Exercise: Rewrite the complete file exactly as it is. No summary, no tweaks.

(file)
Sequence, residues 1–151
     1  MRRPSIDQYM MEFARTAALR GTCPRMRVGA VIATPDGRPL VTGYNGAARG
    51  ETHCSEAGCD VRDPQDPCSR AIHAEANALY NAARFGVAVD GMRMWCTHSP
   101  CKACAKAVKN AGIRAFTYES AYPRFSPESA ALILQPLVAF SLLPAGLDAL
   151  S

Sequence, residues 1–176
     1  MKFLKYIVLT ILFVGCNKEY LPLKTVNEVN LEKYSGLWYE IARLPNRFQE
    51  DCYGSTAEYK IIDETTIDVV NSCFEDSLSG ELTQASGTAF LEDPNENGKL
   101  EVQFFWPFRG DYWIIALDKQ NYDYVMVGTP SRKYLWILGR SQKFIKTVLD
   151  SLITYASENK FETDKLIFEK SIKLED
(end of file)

Sequence, residues 1–151
     1  MRRPSIDQYM MEFARTAALR GTCPRMRVGA VIATPDGRPL VTGYNGAARG
    51  ETHCSEAGCD VRDPQDPCSR AIHAEANALY NAARFGVAVD GMRMWCTHSP
   101  CKACAKAVKN AGIRAFTYES AYPRFSPESA ALILQPLVAF SLLPAGLDAL
   151  S

Sequence, residues 1–176
     1  MKFLKYIVLT ILFVGCNKEY LPLKTVNEVN LEKYSGLWYE IARLPNRFQE
    51  DCYGSTAEYK IIDETTIDVV NSCFEDSLSG ELTQASGTAF LEDPNENGKL
   101  EVQFFWPFRG DYWIIALDKQ NYDYVMVGTP SRKYLWILGR SQKFIKTVLD
   151  SLITYASENK FETDKLIFEK SIKLED